John Reviews Kids Movies

In which John Green takes a long, hard look at some of his son’s favorite movies, including The Lego Movie, Despicable Me 2, The Croods, and Penguins of Madagascar.

Children’s movies turn out to be really interesting, discussing everything from what makes us human to how we should wield our suddenly enormous power to shape our biosphere.

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Comments

Conner Fields says:

Cheesy what jokes?

JalyssaJayne says:

GUYS I watch vlogbrothers ALOT but why to hank and john make videos like they’re talking to eachother…please don’t hate me

Ted Cruz says:

are you depriving henry of shrek?

Evan Pitkin says:

No Miyazaki movies? Lame. Your research isn’t normally this derelict.

Dizzy Lizzie says:

Hug sadistic.

Sam Seidel says:

wait but if humans and Neanderthals can successfully produce offspring aren’t we technically the same species? Is there more complexity to the definition of species than I am aware of?

aacsmiles says:

This is about to get incredibly nerdy, but I think John completely missed the point of the Lego movie which makes it so brilliant. The movie doesn’t just blindly praise the creative types by going “Look at us creatives. We’re so unique and awesome. We’re so much better than those conventional types who couldn’t put their shoes on without instructions.”This is a trope in movies that I just hate because some people just aren’t creative and that’s okay. We need creativity, of course, but we also need those conventional types in order to have a functioning society, as demonstrated by the movie. What makes the Lego movie so special is that it acknowledges the importance of the strengths of all people, creative or not.
Notice how the main character, Emmett, isn’t very creative himself. What he is good at it understanding the instructions. He understands the nuts and bolts of how to build something solid. It is because of this that his double-decker couch survives the crash, while his friends’ creative plane doesn’t. His friends may be better at thinking on their feet and creating unique things, but Emmet is good at thinking practically and building something that will last. In the end, it is the union of creativity and practicality, as well as inclusion rather than exclusion, which wins the day.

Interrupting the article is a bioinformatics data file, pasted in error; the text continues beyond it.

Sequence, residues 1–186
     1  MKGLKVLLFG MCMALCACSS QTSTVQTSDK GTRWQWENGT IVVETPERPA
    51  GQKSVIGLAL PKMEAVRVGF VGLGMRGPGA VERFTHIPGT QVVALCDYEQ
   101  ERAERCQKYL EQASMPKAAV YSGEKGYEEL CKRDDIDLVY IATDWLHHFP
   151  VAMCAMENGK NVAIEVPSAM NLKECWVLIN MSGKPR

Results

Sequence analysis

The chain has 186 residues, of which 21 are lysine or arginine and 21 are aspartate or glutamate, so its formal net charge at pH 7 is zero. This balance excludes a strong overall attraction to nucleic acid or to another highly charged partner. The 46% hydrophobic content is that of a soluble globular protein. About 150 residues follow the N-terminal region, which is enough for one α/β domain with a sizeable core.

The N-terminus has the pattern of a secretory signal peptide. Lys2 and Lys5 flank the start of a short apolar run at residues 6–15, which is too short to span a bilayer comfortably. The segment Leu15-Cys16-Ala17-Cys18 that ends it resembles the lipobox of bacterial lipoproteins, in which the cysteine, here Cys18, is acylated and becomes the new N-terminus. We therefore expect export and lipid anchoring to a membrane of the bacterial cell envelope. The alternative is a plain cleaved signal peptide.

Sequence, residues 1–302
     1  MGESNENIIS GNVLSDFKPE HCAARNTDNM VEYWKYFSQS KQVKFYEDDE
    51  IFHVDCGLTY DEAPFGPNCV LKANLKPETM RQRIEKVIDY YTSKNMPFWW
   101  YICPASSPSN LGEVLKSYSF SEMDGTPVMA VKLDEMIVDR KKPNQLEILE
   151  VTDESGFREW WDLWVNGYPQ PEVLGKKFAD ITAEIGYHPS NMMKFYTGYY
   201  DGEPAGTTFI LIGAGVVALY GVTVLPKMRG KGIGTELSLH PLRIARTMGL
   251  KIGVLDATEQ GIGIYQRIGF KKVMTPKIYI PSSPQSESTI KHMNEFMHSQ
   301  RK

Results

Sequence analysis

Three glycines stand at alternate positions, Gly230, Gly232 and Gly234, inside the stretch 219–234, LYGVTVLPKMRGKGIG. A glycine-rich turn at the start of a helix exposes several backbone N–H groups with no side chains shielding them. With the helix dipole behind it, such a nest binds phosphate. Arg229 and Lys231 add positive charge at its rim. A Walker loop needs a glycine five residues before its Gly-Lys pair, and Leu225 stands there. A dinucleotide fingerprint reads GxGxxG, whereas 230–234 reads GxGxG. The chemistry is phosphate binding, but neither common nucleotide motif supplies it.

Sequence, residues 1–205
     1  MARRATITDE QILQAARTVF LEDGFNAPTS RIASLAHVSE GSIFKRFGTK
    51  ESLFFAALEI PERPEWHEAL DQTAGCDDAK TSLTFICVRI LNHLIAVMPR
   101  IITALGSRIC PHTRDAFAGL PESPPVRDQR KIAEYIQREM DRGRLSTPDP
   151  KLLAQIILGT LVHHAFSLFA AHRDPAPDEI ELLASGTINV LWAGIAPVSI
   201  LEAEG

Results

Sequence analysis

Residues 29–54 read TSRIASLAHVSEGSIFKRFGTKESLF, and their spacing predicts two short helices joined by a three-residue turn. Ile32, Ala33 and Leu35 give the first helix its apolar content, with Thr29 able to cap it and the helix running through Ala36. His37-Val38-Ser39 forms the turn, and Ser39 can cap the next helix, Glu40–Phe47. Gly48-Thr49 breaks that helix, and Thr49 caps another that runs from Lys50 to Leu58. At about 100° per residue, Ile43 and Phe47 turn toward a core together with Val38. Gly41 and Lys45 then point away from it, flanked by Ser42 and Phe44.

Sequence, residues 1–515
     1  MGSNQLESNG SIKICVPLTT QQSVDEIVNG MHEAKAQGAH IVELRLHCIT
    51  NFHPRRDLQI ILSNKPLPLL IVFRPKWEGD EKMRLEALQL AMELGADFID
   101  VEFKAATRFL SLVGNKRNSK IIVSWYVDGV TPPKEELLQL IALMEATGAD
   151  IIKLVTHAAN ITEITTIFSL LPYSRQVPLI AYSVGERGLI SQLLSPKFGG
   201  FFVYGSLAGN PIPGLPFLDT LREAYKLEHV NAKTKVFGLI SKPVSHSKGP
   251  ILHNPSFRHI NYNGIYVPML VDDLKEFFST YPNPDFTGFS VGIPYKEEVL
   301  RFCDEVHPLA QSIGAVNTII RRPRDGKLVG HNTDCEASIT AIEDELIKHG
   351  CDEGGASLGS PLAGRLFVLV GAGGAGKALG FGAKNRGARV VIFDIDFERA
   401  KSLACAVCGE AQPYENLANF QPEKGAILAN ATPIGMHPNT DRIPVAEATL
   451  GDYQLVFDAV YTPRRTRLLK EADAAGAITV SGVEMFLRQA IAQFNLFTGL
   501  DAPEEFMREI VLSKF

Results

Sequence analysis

Jessica says:

I’m the only person who ended up hating the ending of the Lego movie.
I didn’t mind the little hints that humans are the ones controlling the Legos but when we completely moved out of the Lego world & into the human world it just threw me off.

Jeannie Hunter says:

Need some more female-centric films! I recommend Home.

deanmullen10 says:

2:02 i genuinely first experienced romantic feelings when I was 8 but perhaps i’m a bizarre exception.

Ted Cruz says:

can you just post a video of you changing positions?? my eyes just had the biggest workout of their life. left. right. left. right. must be exhausting.

Leevell Lesure-Jones says:

can you review the fault in our stars

Cajer 1618 says:

The fact that some modern humans have neanderthal dna not only indicates that we interbred in the past, since it was such a long time ago, this also indicates that their offspring were fertile, and their offspring’s offspring, etc. Because of this we’re not really sure that humans and neanderthals are different species.
Point is it’s entirely possible that that relationship in The Croods isn’t inter-species at all.

Leo Schenk says:

Corporate America, and Denmark

Julius Caesar says:

Wait! John! Aren’t Neaderthals just another kind of human?

Raven Meadows says:

WATCH THE NETFLIX VERSION OF THE LITTLE PRINCE

Kelsea Rose says: